Healy wins national title for Nevada
RENO — Ryan Healy’s belt said it all: “2004 National Collegiate Boxing Champion: 165 pounds.”
Healy came out with all he had in the deciding third round to capture the National Collegiate Boxing Association (NCBA) national championship Saturday on a 3-2 split decision over Leif Nordhagen of Air Force at the Eldorado Hotel-Casino.
Healy was one of two University of Nevada boxers who competed in the championship round. Nevada heavyweight John Lorman was stopped in the third round by Wes Baer of Army in the other contest.The Air Force Academy took home the team national championship.
“The medal, the sweatshirt, the belt – it all made up for the regionals,” said the 20-year-old Healy, referring to his Feb. 23 NCBA regional championship for which he didn’t even receive a trophy. “I’m flying high right now.”
Healy wasn’t the only one as his friends, teammates and Nevada coaches Mike Martino and Greg Rice took turns hugging the sophomore from Salem, Ore.
“Ryan worked so hard,” Rice said. “Last year he had this (pointing to his chin) and this (pointing to his heart). I’m just so happy for him. It’s nice to be champion. They can never take it away from you.”
Healy appeared to outbox Nordhagen during the first round, but his rival from Air Force – whom Healy beat for the regional championship – managed to rock the red-headed Healy throughout the second round with several right hands.
“The first round I was trying to set my pace – a slow pace – and box and move,” Healy said. “In the corner after the second round I said, ‘This is it. I have to come out and throw punches. Every time he hits me with one punch I have to hit him with two.’ I was going to die on the floor or keep punching.”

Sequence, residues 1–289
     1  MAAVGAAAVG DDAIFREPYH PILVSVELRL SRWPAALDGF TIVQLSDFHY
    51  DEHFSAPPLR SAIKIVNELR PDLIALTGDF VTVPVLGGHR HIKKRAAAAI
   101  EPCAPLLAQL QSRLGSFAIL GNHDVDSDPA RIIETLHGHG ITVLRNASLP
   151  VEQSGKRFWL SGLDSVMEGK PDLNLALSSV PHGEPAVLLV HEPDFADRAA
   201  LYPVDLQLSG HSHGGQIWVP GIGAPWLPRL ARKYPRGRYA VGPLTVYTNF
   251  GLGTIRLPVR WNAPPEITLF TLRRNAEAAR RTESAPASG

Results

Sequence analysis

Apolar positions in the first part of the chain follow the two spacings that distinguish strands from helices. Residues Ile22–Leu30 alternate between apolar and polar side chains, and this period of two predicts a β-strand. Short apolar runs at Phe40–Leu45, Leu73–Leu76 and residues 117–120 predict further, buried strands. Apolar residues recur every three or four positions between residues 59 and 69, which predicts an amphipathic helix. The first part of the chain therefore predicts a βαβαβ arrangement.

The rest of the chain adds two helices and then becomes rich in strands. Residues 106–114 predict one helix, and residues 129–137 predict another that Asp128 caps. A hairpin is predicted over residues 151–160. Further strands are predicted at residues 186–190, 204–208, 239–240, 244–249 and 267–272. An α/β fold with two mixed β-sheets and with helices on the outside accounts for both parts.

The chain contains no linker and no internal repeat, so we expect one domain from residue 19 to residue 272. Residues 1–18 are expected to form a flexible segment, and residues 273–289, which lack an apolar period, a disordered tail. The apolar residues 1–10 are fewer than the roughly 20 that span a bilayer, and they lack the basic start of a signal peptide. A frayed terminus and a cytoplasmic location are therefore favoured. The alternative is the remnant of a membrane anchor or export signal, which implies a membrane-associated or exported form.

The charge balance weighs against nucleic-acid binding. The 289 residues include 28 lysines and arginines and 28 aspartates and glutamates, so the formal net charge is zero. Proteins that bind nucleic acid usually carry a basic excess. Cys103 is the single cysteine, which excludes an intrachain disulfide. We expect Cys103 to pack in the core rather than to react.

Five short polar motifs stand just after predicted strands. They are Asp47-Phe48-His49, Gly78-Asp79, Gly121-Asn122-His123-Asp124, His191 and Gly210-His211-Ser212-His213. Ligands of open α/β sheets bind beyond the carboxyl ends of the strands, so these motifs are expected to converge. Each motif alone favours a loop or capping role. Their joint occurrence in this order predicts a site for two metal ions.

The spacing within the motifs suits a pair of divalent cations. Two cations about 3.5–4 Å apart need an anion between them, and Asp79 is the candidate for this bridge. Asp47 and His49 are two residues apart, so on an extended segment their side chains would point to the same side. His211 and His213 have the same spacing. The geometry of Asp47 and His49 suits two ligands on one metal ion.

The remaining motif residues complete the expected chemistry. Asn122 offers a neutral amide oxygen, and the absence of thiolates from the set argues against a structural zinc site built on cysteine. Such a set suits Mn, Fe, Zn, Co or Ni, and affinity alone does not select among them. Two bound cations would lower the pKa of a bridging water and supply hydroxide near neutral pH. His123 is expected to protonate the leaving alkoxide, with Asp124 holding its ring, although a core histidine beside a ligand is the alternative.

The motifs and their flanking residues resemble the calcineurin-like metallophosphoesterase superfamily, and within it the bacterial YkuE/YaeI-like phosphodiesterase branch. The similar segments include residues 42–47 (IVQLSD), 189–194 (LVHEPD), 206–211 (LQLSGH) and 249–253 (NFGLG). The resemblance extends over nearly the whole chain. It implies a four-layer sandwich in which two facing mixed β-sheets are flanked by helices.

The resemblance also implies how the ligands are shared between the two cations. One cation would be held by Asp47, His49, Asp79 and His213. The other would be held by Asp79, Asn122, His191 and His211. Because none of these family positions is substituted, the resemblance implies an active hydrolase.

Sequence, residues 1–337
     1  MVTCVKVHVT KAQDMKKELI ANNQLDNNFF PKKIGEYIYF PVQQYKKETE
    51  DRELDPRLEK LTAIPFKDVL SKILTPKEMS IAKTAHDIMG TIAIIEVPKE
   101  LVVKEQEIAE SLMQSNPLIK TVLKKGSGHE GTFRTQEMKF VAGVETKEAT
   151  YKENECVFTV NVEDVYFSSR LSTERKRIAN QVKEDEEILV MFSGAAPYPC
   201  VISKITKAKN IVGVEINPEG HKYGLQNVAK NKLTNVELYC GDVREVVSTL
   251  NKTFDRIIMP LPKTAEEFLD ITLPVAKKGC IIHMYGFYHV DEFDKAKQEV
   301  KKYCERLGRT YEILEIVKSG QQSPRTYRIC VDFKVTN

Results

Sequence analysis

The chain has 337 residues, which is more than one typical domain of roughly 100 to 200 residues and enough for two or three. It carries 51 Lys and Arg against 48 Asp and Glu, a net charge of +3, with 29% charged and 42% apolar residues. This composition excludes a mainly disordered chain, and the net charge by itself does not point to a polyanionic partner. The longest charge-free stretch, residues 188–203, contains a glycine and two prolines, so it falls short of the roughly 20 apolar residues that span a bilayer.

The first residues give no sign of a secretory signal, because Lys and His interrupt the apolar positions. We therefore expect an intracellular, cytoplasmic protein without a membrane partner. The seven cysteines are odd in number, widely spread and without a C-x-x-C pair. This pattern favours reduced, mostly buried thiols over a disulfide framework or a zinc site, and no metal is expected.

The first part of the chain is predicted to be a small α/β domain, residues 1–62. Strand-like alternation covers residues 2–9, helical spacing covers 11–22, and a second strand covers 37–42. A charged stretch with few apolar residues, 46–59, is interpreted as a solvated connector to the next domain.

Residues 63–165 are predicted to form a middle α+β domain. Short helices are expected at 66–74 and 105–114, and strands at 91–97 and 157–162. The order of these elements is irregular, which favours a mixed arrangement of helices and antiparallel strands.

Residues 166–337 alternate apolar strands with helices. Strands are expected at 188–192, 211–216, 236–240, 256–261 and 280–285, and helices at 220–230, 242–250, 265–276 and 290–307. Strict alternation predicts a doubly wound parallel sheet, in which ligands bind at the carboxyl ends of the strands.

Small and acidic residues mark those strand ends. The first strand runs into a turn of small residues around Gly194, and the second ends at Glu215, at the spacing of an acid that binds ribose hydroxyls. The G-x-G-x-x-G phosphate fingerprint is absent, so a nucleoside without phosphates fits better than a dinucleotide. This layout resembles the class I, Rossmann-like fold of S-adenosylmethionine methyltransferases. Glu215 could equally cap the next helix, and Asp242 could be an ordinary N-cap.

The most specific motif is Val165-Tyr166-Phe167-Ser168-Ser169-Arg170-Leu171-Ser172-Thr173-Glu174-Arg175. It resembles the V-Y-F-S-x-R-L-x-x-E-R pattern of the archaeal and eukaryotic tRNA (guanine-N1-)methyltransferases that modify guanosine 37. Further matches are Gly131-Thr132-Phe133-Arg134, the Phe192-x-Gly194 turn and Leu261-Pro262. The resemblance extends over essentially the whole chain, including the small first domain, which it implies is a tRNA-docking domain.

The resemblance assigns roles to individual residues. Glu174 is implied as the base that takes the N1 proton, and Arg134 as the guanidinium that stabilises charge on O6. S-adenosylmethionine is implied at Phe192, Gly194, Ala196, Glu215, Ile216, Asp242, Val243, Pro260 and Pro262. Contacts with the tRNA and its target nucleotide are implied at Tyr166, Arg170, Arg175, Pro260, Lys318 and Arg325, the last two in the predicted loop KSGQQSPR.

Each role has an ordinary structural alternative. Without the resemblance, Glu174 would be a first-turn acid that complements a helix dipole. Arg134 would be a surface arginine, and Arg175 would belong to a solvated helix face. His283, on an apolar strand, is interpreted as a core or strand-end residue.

Healy kept punching. As he had throughout the tournament, Healy began to set up his right hand with a piston-like left jab. Once Healy started to land, he started to integrate right and left uppercuts and assumed complete control.
For Healy, the win represented the culmination of a year of hard work and dedication, which began with his loss in the nationals last year.
“Last year I decided to make a change,” Healy said. “To keep boxing I had to put everything I had into it – devote all of my free time or quit. I ran every day so I didn’t have to look back this year and go ‘I could’ve done more.’ It’s like a payoff for all the hard work. It’s my pay for all the sacrifices, when I could’ve gone out to the parties.”
For Healy, now it’s time to celebrate – for a little while, anyway.
“It’s going to be good to relax a little,” Healy said. “I’m going to take a week off and then I’m going back in training again. It’s my life now. Last year it was a hobby, now it’s my life. My goal is for the next two years is to get two more championships. Next year I want to get another belt.”
The 6-foot-5 Lorman appeared to take the first round against the aggressive Baer, staying behind his right jab and moving well as he mixed in some powerful left crosses. But Baer, even though tired, was relentless, scoring a standing-eight in the second and another in the third, when the referee decided to wave it off after Lorman absorbed a terrific left hook.
Due to deadline issues, the Nevada Appeal was unable to interview the 25-year-old Lorman, a junior from Glendale, Calif.